Do I need a lintel when I have existing arch (fireplace pic)

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Hoping someone can help. Have read lots of threads that are similar but not quite found the answer I'm looking for.

Getting a wood burner installed. Trying to do some of the work myself before the pro's come in on Thursday to finish. I am just about to pull the bricks out to reveal the builders opening.

On the invoice the guy has put in for the cost of a new lintel, I wondering if this is required seeing as there is an arch already there which has been doing a pretty good job keeping everything up for the last 100+ years. Wood burner people said the arch is normally supported by a metal strap which is no longer there. How important is this metal strap? What does it actually do?

Price of the lintel is fairly cheap so not too concerned about the cost but don't want to mess with original chimney if I can help it.

Pic shows how far I've got. Arch revealed (not so obvious in first pic), bricks at top loose and provide no support anyway.


Any feedback/responses appreciated. Thanks.


 
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The metal straps were commonly employed when fireplaces arches were built, but they usually perform no permanent structural function.
Their purpose was simply to provide temporary support for the brick arch whilst it was being built. Once the brickwork set and hardened, the arch became self-supporting and the strap redundant.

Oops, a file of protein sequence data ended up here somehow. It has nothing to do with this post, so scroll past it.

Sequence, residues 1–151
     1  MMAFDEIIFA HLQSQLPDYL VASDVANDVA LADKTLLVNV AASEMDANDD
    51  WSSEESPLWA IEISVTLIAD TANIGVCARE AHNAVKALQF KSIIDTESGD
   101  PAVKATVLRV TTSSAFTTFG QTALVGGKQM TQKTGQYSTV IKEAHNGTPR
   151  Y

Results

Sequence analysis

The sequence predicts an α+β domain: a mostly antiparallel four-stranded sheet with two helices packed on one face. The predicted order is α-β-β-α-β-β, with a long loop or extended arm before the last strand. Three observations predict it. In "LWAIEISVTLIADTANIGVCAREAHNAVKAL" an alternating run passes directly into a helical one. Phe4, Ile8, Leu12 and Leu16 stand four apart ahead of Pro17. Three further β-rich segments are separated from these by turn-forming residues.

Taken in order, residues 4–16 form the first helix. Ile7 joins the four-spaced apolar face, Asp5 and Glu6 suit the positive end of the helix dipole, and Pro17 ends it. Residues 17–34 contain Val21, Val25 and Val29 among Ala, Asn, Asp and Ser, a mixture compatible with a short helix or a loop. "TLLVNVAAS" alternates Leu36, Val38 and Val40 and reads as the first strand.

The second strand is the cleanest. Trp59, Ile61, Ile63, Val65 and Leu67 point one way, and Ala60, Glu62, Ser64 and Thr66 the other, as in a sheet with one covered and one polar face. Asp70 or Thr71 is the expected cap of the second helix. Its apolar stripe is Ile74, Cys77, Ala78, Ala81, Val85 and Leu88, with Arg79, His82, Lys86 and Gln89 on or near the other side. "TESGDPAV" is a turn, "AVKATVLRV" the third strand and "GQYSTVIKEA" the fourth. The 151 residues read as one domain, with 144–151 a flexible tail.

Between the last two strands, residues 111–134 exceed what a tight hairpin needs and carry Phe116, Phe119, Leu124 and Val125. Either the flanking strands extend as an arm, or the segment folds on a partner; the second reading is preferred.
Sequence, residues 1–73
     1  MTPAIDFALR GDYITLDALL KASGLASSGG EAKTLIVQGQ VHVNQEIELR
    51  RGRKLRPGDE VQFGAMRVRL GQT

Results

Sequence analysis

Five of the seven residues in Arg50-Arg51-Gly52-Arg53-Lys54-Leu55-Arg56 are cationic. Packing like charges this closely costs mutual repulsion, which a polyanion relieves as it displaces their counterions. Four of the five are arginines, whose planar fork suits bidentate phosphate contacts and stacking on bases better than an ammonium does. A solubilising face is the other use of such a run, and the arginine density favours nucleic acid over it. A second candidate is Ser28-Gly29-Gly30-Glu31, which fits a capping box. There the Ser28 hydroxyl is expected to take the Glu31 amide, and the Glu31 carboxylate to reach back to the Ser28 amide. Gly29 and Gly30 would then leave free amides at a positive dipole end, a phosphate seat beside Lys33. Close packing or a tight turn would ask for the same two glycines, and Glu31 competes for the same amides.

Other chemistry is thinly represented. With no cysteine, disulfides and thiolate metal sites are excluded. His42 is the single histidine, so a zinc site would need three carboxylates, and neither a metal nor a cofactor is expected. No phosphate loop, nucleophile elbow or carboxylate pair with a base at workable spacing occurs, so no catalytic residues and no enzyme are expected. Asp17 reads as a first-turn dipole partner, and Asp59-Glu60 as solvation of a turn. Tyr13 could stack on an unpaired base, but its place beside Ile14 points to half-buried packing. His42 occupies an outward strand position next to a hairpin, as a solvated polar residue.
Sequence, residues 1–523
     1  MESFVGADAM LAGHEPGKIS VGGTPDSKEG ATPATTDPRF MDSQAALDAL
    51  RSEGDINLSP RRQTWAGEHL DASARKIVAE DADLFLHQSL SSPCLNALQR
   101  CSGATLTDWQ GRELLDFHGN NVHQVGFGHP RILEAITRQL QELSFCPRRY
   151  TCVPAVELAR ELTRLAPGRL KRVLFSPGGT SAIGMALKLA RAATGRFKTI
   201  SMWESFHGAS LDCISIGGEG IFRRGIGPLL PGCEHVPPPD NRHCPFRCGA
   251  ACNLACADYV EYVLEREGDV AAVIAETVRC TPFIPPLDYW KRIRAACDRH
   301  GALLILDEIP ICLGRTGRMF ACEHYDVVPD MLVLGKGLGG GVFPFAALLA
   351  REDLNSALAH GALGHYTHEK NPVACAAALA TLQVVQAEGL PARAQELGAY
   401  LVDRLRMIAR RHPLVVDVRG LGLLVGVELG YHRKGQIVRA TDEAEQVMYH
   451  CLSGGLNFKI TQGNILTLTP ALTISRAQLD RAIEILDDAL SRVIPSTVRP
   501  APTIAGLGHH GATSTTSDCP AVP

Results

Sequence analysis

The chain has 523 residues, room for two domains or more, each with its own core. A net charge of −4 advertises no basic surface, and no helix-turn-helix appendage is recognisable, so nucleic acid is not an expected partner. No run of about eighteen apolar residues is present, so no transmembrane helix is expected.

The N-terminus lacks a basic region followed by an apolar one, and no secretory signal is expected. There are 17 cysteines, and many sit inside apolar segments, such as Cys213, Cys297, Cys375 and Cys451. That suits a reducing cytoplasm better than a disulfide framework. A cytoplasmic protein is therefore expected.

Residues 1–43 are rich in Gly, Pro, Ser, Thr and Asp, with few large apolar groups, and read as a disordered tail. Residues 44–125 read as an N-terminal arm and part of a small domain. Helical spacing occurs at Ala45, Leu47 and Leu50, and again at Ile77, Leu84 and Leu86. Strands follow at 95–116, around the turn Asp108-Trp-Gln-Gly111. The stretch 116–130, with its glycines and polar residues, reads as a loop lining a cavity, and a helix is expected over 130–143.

Yours may have been removed in the intervening years, or they may have originally built the arch off a timber former instead
 
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Thanks for clearing that up Tony.

Still slightly confused on the other matter, if it's not for a structural reason (metal strap), why do I need a concrete lintel instead of my existing arch?
 
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No reason I can see, except if you wanted to reduce the height of the opening, or if the arch was in poor condition with loose bricks.
 
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Appears to be in pretty good shape, no loose bricks anyway. Will get a better idea once I've pulled the rest of the 'new' bricks out.

Thanks again Tony. I'll speak with the firm again and see if it is absolutely necessary.
 
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If the arch bricks appear secure they may just need re-pointing to give them a more appealing appearance. Arches such as this are formed and retained by use of a 'keystone' in the centre which prevents the arch collapsing in on itself. As Tony said, the original metal strap may have been used when being built but served no support once the cement had set.
 
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